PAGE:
tier. It acquired a national interest, as important in its CHAP effect as the first naval victories.
The American army fell back to Fort Erie, the com- 1814. mand of which Brown intrusted to Colonel Edmund P. Gaines. In the course of a fortnight, Drummond advanced with four thousand men, and after bombarding the fort, attempted at midnight to carry it by assault. The British, in the face of a destructive fire, charged again and again, even within a few feet of the intrench- Aug.
15. ments. They were finally forced to retire, after sustaining a loss of nearly a thousand men--the Americans not losing a hundred. In a few weeks the energetic Brown, now partially recovered from his wounds, assumed the command. He determined to make a dash at the enemy's batteries, which were two miles in advance of their camp. The timę, mid-day, was well chosen. Rushing out from Septe
17. the fort, before assistance could come from the British camp, he stormed the batteries, fired the magazines, spiked the guns, captured four hundred prisoners, and returned to the fort, leaving six hundred of the enemy killed and wounded. But this brilliant exploit cost him nearly three hundred men. Drummond immediately raised the siege and retreated beyond the Chippewa.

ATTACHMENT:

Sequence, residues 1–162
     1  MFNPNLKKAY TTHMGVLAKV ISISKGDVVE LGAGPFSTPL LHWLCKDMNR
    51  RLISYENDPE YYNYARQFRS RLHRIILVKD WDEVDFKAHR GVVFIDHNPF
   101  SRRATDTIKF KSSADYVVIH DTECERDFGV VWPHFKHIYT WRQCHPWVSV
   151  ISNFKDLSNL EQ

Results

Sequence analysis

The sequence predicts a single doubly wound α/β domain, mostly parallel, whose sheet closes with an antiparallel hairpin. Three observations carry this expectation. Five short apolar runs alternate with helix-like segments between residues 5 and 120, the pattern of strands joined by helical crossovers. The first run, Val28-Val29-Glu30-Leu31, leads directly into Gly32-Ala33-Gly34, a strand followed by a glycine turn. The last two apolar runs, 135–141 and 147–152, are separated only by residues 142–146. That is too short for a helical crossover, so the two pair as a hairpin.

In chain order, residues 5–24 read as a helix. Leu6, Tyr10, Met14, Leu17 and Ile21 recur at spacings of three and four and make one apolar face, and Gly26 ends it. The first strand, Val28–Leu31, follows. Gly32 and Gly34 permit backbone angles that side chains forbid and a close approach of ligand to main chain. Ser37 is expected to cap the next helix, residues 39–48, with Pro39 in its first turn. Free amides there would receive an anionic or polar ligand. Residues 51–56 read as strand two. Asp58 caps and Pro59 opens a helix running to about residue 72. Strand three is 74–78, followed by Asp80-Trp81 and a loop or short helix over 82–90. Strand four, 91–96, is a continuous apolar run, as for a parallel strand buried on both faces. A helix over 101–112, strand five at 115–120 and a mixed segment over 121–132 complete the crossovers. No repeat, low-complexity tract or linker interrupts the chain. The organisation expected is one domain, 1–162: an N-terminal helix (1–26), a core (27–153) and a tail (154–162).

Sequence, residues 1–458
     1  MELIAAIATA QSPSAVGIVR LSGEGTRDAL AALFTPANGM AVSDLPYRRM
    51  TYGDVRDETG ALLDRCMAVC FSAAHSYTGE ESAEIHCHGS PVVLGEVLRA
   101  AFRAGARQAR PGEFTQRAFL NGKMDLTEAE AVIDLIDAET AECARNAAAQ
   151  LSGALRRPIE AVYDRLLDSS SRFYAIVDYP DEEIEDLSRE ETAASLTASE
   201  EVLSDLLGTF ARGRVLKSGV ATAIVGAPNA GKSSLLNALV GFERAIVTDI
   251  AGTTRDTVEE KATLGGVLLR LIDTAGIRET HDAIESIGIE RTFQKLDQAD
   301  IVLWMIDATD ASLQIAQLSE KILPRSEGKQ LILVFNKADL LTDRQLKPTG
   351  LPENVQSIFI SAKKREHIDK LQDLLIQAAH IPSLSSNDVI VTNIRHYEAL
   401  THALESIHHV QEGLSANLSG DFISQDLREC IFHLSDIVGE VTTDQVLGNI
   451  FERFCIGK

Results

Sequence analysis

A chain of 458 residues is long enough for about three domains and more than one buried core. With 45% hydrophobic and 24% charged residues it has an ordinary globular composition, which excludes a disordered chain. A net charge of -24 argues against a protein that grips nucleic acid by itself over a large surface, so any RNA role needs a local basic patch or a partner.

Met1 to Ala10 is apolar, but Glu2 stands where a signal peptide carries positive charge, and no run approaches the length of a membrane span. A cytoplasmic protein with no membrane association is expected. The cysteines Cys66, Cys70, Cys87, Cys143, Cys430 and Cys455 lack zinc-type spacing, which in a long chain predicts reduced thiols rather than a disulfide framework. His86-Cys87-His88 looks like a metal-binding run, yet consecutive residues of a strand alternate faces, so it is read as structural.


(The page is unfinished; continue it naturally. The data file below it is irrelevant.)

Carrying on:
Stirring events occurred on another part of the frontier. The little navy on Lake Champlain emulated the deeds of the one on Lake Erie just a year before. General Prevost, himself, marched from Canada with twelve thousand veteran troops to invade the State of New York —the town of Plattsburg was the special object of attack. There on the south bank of the Saranac, General Macomb was intrenched with an army of three thousand men, many of whom were invalids. The main body of the American forces was under General Izard, at Sackett's Harbor. Macomb called upon the militia of Vermont and Septe
7 New York for aid ; three thousand of whom nobly responded, as did their fathers thirty-seven years before,